Japan is likely to grow “much richer” in the future, particularly in high technology; but its wealth depends on trade. This makes it vulnerable to external events. Nations in such a position must either seek control over areas crucial to their economy or follow an appeasement policy. Japan has chosen the latter. It is the perfect Cobdenite state incapable of acting as a Great Power.

But there is good news as well, mainly that the Soviets have even greater problems. Their share of world manufacturing is also falling. Furthermore, the coalition it heads is markedly inferior to NATO in economic potential, even if it is currently superior in deployed military strength. Also, Moscow must worry about China and Japan. This means that the odds are against Moscow in any long-term contest during which the West mobilizes its potential strength into actual power. The USSR is a classic example of “imperial overstretch.”

Several things can be done to exploit this. The most obvious is to supply every enemy of the Soviet Empire with the means to resist. Aid to the Afghan rebels has cost the Soviets dearly. There are rebel movements in Africa and Central America where we could do the same.

The Soviets lag in technology and need time to acquire/copy advances made elsewhere. Gorbachev’s desires to “stabilize” the arms race and block new systems like SDI while pursuing internal economic reforms and increased trade make perfect sense as a strategy to maintain Soviet power. Rather than welcome Gorbachev’s program and offer to aid it, every effort should be made to disrupt it. Just because the Soviets have problems does not mean that the U.S. can relax—the USSR “will not take decline gracefully,” and Moscow still has military capabilities that only the U.S. can match.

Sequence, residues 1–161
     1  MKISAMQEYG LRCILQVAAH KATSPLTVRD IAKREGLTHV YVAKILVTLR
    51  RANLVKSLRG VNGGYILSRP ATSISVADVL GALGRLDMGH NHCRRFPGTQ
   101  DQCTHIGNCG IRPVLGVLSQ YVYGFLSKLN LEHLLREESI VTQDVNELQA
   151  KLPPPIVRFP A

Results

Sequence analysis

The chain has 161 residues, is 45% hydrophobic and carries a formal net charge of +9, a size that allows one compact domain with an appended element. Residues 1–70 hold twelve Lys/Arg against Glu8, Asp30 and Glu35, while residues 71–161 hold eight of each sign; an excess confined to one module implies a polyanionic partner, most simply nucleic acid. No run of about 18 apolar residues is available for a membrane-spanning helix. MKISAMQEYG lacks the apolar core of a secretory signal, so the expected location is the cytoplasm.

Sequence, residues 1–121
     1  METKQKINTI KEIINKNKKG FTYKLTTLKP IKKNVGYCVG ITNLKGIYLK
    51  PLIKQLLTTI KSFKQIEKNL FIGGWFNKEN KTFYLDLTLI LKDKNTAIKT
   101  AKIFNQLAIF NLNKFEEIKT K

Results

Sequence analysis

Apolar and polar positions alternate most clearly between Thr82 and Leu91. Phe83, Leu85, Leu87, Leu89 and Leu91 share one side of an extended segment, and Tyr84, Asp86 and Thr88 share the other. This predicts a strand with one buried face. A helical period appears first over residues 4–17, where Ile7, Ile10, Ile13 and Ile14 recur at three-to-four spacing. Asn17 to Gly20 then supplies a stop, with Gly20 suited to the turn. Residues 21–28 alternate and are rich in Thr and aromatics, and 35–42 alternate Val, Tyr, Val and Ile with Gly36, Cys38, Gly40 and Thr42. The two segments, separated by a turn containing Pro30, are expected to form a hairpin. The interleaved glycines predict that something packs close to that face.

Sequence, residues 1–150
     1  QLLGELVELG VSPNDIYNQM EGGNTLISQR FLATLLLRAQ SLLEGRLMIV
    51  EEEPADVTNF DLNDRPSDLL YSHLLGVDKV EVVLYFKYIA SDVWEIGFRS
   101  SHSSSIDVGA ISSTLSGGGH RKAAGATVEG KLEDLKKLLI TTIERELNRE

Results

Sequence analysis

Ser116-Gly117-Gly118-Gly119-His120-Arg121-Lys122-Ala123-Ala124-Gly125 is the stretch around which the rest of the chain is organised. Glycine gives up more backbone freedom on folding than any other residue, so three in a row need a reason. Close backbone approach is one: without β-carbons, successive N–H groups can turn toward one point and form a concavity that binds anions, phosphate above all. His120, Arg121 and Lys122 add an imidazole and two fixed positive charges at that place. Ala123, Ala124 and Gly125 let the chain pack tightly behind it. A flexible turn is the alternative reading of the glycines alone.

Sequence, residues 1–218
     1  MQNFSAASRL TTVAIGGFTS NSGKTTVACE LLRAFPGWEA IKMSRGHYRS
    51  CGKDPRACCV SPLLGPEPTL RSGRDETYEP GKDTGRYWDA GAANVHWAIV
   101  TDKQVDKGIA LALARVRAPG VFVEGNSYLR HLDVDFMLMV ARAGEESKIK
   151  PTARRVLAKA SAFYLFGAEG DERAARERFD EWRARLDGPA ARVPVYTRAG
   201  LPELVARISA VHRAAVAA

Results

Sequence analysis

But a negative policy towards the USSR is not enough. The industrialization of the Third World, particularly China, India, and Brazil, poses new multipolar challenges. The U.S. must adopt policies to expand its own economic base to meet these challenges. In Kennedy’s framework resources can be used for military strength, investment, and consumption (including social spending). Mercantilists place consumption last as a reward for the successful provision of the first two. However, a decadent America has placed consumption first and relegated the other two to picking up the scraps. The only real debate has been over how much consumption will be public as opposed to private. This is a prescription for decline.

Unlike the liberals who rush to quote him, Kennedy cannot find any place from which it would be safe for the U.S. to withdraw. He predicts that threats to American security will increase, particularly south of the border. And to survive in the long run, a state must first survive in the short run.